This week, both RYA Scotland and RYA Northern Ireland updated their Covid roadmaps relating to…
The 2020 MYA Scottish District IOM Wooden Hull Championship was held on Wednesday the 7th October 2020 hosted by Tayside Radio Sailing Club at Forfar Loch, the home of Forfar Sailing Club. The event had been postponed from the previous Saturday due to an amber weather warning for extremely heavy rain (a month’s rain in 2 days), bad road conditions with flooding and a very light (almost non-existent) northerly wind.
A consequence of the torrential rain was it had raised the water level by almost a meter and hence the launching jetties were completely covered in water. A portable jetty was deployed to make launch and recovery possible without getting wet feet albeit with one person on it at a time. (NB Learning: securely tie the jetty to the bank … it started floating away with a skipper on board!) The low autumnal sun was very welcome although the bright reflection off the water was frequently another challenge for skippers.
As in previous years the event attracted a good number of Scottish-based skippers with their beautifully home-built wood planked IOMs, some by recognised designers and others self-designed.
The racing was run under the MYA Scottish District COVID-19 ‘field of play bubble’ protocol with the skippers standing at markers 3m apart and the race team 3m behind them.
Although standing in one spot does bring its own challenges with the boats further away than normal at times, it does allow events and club sailing to take place during these times of restrictions.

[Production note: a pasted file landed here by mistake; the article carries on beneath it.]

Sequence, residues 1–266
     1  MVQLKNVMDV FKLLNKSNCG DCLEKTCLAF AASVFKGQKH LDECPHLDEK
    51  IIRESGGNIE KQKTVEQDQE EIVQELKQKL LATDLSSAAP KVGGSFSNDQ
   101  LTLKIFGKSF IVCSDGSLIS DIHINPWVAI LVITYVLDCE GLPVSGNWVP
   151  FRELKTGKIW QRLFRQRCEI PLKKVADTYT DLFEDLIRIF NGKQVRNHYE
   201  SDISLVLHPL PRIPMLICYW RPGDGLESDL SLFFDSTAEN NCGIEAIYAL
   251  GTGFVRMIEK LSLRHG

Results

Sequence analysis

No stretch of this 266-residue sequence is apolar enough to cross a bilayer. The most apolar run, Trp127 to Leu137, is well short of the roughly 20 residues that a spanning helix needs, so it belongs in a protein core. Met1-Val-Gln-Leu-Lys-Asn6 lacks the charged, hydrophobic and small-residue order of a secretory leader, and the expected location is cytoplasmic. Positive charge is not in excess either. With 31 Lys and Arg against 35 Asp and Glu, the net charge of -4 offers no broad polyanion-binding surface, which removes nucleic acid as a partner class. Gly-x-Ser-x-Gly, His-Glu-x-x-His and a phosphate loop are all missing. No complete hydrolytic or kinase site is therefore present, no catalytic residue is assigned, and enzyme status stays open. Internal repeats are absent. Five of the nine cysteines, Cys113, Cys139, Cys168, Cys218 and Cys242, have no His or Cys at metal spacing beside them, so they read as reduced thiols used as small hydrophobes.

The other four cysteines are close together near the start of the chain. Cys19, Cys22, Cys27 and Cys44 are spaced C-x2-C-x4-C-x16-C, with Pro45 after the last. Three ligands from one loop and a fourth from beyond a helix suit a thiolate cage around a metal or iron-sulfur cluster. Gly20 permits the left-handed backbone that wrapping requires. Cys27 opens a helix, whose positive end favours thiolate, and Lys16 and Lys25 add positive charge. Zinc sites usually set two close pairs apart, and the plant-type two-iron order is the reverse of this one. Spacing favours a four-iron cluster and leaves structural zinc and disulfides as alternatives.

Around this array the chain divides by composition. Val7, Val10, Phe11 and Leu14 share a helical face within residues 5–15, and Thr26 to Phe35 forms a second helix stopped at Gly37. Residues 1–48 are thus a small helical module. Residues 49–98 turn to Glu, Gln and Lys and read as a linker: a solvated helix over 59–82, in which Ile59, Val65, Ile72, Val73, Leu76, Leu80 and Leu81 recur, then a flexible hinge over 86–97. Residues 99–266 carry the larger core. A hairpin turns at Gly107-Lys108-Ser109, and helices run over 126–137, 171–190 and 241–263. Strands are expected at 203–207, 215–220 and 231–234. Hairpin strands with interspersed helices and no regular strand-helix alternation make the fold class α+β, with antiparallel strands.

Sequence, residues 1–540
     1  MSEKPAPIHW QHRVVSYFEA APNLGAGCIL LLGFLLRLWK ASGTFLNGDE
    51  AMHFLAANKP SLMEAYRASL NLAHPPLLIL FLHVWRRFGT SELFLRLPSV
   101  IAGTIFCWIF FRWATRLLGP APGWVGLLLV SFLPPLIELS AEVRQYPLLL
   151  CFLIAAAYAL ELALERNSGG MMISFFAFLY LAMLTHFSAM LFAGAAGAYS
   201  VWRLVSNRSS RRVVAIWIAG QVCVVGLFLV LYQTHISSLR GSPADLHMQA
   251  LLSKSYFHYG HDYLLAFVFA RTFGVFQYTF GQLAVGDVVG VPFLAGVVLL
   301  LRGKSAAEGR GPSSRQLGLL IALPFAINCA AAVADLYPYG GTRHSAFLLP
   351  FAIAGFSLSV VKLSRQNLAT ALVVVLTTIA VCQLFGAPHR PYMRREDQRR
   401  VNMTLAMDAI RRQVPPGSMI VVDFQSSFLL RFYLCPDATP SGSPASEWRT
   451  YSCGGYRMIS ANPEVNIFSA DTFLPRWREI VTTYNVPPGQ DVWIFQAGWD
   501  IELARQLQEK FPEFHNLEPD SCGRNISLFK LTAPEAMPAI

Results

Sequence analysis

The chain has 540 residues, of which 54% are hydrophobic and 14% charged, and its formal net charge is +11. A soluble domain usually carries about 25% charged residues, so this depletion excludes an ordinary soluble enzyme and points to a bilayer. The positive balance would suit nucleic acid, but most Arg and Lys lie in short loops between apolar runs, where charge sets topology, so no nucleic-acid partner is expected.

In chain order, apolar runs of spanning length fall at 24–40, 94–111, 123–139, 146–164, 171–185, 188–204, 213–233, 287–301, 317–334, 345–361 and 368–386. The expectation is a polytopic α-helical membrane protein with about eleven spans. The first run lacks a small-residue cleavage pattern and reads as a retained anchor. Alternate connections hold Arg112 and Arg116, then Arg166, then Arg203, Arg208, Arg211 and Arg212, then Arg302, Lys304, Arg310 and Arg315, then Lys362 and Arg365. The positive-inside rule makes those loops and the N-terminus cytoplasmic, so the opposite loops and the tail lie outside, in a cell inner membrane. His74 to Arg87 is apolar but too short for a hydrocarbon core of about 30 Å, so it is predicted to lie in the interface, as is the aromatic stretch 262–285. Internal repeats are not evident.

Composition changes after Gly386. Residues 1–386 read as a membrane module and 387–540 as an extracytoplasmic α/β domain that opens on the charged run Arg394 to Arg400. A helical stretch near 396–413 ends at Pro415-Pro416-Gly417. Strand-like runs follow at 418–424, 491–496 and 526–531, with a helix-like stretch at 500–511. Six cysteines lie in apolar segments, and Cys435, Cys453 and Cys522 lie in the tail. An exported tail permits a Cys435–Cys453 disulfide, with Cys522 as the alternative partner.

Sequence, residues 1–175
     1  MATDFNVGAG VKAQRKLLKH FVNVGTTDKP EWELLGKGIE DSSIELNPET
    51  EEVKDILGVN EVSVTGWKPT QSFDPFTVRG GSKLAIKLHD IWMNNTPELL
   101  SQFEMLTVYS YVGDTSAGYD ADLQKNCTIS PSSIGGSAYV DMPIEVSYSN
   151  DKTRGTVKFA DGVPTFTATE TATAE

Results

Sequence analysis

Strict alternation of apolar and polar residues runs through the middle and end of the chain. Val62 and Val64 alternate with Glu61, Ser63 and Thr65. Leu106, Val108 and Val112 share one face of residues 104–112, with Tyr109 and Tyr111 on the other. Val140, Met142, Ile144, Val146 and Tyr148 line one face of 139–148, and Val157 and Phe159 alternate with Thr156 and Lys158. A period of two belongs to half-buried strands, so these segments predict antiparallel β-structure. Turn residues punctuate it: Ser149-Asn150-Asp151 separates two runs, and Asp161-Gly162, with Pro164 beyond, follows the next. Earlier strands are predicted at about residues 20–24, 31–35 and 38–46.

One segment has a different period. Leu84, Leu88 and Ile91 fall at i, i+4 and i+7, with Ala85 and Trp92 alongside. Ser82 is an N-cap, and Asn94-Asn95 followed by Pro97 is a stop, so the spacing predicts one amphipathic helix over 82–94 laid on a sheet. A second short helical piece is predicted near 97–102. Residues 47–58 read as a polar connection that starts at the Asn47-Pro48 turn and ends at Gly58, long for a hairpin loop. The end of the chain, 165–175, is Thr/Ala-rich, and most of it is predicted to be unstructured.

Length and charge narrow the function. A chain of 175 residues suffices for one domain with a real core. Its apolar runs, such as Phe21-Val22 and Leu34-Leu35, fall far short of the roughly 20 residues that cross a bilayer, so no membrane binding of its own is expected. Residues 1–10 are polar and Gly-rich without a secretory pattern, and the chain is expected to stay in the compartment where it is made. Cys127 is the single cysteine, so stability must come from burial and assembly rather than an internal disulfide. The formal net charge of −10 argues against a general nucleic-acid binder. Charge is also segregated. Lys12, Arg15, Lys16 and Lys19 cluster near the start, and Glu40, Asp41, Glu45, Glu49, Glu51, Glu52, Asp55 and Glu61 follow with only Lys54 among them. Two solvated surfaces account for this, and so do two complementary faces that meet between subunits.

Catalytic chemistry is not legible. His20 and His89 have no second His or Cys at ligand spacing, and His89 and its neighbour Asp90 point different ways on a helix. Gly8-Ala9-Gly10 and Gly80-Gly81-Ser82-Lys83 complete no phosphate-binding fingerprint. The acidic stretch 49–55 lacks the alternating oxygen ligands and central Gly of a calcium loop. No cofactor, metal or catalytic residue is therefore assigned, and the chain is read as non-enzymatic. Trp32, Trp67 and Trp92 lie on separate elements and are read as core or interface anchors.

The racing commenced at 10.00 in a moderate westerly with all skippers choosing their A rig. As per the forecast, after a couple of races the wind increased to the top of A rig testing both heavy weather sailing skills and rig strength. Consequently, everyone changed down to B rig which they stayed with for the remaining races. Forfar Loch lived up to its reputation for providing top class sailing conditions with its wide open waters giving close racing in a true breeze and big waves.
Skippers enjoyed boats moving very quickly in the strong wind and trying to make fine judgements whilst dealing with the low sun reflecting off the water and having to stand in one place when the boats were quite distant. However, wind shifts were there to use as well. Most skippers had some issues to overcome and in a very competitive fleet it was difficult to come back from even the smallest mistake. All of these factors made for a great day’s sailing.
Ian Dundas sailing his new Corbie 6 (Sail # 38) came out on top as a worthy winner after 17 races by a single point from Tich Summers sailing his self-designed Buzz 3 (Sail # 07). Similarly, there was a tight finish with a single point separating third place (Richard Rowan sailing an Alternative, Sail # 85) and fourth (John Owens sailing a Corbie 5, Sail # 33).
Credit must go to the race team led by RO Boyd Baird for running a first class event and making the bold decision to postpone until a date when the forecast was already known to be perfect for radio sailing.
(Report: Brian Summers, Photos: Brian Summers/David Williams)